When director Terry Gilliam invited documentarians Keith Fulton and Louis Pepe to chronicle in the making of the science-fiction thriller Twelve Monkeys, he said that “if anything should go wrong, at least I’ll have witnesses.” It’s fortunate then, that based on the strength of their final product, The Hamster Factor And Other Tales of Twelve Monkeys, Gilliam invited the pair back to chronicle the filming of his latest project The Man Who Killed Don Quixote as no one would believe the incredible string of bad luck he and his crew were about to experience.

The resultant documentary, Lost In LaMancha, details the battle that most film productions got through to make a movie. Unfortunately, for Gilliam and his crew, it was a battle that they couldn’t win. Limited by a budget that barely met the production’s requirements, Gilliam struggles to realize a film project that he had been developing for a decade. But a series of disasters including a flash flood and the failing health of Gilliam’s Quixote, French actor Jean Rochefort, force the production to shut down after just six days.

Gilliam has an unjustified reputation in Hollywood as a visionary infant terrible. His fight with Universal Studios chief Sid Shienberg over the release of his film Brazil is legendary. (And has been chronicled in Jack Matthews’ book The Battle of Brazil.) His 1988 film The Adventures of Baron Munchausen went spectacularly over budget, though most of the blame could really be laid at the feet of the producer rather than Gilliam. In fact, the specter of Munchausen’s production hangs over Gilliam throughout the film, even though since then he had helmed the hits The Fisher King and Twelve Monkeys. It seems that sometimes, you aren’t even as good as your most recent hit.

In a way, Lost In La Mancha is a love story. Gilliam’s love for his craft is evident in his eyes as he works through pre-production watching the costumes and set pieces come into being. And you can also see the frustration and heartache as things fall apart just weeks later. This film is heartbreaking for Gilliam fans as well. The glimpses of costumes, set designs and especially those few moments of completed film hint at a film that could have been truly spectacular.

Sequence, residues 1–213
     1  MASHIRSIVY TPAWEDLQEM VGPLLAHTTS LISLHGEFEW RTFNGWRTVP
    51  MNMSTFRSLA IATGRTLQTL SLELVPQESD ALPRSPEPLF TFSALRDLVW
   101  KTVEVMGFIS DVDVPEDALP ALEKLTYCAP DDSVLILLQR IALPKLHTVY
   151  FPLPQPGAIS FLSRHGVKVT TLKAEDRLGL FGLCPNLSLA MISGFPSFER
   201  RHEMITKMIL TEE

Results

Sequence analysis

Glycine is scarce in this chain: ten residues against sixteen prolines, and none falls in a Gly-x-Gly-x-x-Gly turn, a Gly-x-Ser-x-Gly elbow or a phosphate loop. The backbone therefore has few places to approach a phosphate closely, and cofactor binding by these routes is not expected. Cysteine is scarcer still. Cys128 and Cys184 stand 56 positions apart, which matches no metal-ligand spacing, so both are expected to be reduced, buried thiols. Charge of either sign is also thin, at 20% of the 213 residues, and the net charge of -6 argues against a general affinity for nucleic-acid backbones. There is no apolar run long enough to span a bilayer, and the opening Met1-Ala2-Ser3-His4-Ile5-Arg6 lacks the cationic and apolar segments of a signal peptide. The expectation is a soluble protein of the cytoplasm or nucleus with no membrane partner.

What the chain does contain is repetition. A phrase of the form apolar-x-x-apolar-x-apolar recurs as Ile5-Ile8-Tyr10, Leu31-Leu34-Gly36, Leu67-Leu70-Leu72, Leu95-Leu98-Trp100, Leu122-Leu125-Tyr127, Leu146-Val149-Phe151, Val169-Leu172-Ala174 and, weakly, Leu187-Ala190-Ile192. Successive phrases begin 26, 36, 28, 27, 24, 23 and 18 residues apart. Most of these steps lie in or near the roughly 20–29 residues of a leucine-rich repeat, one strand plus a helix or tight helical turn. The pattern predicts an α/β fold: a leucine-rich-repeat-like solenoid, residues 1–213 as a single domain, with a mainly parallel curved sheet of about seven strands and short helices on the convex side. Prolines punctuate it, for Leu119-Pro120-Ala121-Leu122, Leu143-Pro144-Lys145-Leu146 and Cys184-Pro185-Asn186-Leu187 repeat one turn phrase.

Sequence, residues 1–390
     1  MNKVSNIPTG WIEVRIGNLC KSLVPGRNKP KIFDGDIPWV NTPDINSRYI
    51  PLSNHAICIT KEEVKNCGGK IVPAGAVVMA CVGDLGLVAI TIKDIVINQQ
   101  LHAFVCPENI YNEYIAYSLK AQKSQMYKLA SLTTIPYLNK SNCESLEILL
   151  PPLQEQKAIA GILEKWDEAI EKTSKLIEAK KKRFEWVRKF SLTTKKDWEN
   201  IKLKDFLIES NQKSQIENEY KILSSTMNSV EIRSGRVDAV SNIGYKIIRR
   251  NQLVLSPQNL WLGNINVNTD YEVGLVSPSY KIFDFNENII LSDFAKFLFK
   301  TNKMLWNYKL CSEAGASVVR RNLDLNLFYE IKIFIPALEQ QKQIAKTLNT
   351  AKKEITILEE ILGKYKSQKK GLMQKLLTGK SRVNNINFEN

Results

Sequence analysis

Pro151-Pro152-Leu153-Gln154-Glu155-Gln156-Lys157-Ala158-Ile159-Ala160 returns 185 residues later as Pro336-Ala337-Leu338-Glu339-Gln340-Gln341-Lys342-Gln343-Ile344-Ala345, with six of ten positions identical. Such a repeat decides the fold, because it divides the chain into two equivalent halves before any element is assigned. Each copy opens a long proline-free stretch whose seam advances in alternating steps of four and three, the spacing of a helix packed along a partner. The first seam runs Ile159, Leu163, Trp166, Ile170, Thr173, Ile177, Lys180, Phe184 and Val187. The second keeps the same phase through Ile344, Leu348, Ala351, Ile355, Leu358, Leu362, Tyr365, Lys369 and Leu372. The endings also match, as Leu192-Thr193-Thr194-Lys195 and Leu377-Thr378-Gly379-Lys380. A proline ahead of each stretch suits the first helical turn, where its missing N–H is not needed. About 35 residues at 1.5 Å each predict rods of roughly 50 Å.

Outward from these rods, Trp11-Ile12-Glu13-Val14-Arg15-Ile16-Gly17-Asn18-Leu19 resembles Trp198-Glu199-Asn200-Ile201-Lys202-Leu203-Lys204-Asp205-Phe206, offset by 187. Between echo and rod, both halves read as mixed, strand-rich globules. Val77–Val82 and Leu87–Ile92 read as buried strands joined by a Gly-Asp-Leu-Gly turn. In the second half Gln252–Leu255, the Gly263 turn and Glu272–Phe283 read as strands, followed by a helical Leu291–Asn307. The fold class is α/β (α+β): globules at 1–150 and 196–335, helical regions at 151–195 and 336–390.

The parallels between Quixote and Gilliam are readily apparent and thankfully the filmmakers don’t belabor the point. It’s been said that while filming a movie Gilliam begins to take on aspects of his protagonist, and its easy to see that in the face of mounting disaster Gilliam is almost dementedly determined to continue forward, ignoring the reality of the situation around him.

Of course, the film does raise the question of whether or not there really is a curse that hangs over any attempt to adapt the novel. Orson Welles struggled for 20 years to unsuccessfully complete his version of the project. Maybe Cervantes really did curse future generations when he wrote at the end of the book’s second volume “For me alone was Don Quixote born, and I for him; he to act and I to record; in a word, we were destined for each other” and wasn’t just taking a swipe at another author who had quickly published a sequel before Cervantes had time to finish his own.

In this day and age, “Making Of” documentaries are almost a de rigeur part of a film’s marketing, showing happy actors and confident directors having barrels of fun on set while in the incidental business of making a movie. Rarely is the real struggle and toil that is the actually film production experience shown. Up until now, the most revealing look at film production has been Hearts of Darkness, which chronicles Frances Ford Coppolla’s own journey through despair while shooting Apocalypse Now. Unfortunately, Lost In La Mancha doesn’t have any kind of triumph-over-tragedy, “Great-film-produced-over-unbelievable-odds” finish. Instead, it will serve as a document for a project that seems destined to join Welles’s version of Quixote and Marilyn Monroe’s Something’s Got To Give in the cinema of great films that never were.

Avatar für Rich Drees
About Rich Drees 7034 Articles
A film fan since he first saw that Rebel Blockade Runner fleeing the massive Imperial Star Destroyer at the tender age of 8 and a veteran freelance journalist with twenty-five years experience writing about film and pop culture. He is a member of the Philadelphia Film Critics Circle.
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